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in (one's) possession

Owned, held by, or under the custody of someone. With her father's inheritance in her possession, Samantha intends to start her own business. The detective wanted to know how long the victim's diary had been in the suspect's possession.
See also: possession

possession is nine-tenths of the law

Having the actual ownership or custody of something is legally stronger than simply claiming it belongs to you. She's arguing that the antique stopwatch rightfully belongs to her, but possession is nine-tenths of the law.
See also: law, of, possession

take possession (of something)

To gain or assume ownership or custody of something. She took possession of the house following the court's ruling that she was the legal inheritor of the estate. The bank took possession of my car after I was unable to keep up my monthly repayments.
See also: possession, take

*in someone's possession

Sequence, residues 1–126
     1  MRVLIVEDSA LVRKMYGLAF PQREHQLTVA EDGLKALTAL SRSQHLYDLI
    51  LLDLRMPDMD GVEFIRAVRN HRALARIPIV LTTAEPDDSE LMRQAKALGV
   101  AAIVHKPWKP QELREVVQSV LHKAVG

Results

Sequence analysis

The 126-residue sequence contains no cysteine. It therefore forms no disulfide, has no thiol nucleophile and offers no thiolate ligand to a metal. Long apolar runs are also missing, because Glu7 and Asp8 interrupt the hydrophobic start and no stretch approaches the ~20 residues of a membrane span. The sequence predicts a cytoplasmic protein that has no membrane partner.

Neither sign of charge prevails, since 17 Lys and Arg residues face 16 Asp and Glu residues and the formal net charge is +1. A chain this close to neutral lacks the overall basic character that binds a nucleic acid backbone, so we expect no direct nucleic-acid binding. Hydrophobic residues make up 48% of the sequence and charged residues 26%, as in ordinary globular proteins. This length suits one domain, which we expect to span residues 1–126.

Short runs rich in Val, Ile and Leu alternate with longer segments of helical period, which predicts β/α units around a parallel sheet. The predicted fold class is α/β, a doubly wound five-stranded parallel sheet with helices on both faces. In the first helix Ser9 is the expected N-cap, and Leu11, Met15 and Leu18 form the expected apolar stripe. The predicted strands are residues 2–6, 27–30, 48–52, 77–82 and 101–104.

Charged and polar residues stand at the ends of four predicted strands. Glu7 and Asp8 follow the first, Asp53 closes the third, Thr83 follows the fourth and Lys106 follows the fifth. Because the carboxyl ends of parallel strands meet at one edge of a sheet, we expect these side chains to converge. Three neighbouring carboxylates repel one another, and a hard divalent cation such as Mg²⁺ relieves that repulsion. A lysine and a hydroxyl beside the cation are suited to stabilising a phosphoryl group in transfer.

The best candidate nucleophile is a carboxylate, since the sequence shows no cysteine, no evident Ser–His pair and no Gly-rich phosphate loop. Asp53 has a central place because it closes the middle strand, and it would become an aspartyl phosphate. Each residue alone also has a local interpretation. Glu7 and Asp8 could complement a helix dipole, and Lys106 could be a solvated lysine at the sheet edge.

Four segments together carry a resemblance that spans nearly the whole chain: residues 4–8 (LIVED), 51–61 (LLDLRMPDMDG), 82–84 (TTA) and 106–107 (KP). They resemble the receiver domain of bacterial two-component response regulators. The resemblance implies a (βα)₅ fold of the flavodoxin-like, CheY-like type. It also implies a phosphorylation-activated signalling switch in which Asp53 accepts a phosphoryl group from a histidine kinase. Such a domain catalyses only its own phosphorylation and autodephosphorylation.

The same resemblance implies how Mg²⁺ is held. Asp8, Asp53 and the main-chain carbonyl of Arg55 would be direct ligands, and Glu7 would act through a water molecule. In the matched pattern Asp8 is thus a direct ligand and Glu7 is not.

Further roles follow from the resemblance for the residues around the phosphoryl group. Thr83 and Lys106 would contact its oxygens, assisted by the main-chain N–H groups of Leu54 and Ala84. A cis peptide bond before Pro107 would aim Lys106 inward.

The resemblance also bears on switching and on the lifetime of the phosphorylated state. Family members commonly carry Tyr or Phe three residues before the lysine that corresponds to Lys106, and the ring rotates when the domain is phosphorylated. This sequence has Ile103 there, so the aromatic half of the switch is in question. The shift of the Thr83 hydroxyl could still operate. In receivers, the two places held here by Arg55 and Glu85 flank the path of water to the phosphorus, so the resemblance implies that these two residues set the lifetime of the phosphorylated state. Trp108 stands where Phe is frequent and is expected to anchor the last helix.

held by someone; owned by someone. (*Typically: be ~; come [into] ~.) The book is now in my possession. How long has this object been in your possession?
See also: possession

Possession is nine-tenths of the law.

Prov. If you actually possess something, you have a stronger legal claim to owning it than someone who merely says it belongs to him or her. Dana may say he owns this house, but we actually live in it, and possession is nine-tenths of the law.
See also: law, of, possession

take possession (of something)

to assume ownership of something. I am to take possession of the house as soon as we sign the papers.
See also: possession, take

possession is nine points of the law

Actually holding something is better than merely claiming it. For example, When Karen told John he must return the sofa he'd borrowed, he said possession is nine points of the law . This term originally alluded to nine elements that would aid someone's lawsuit, among them a good lawyer, good witnesses, a good jury, a good judge, and good luck. In time, however, the term was used more for squatter's rights. [Late 1500s]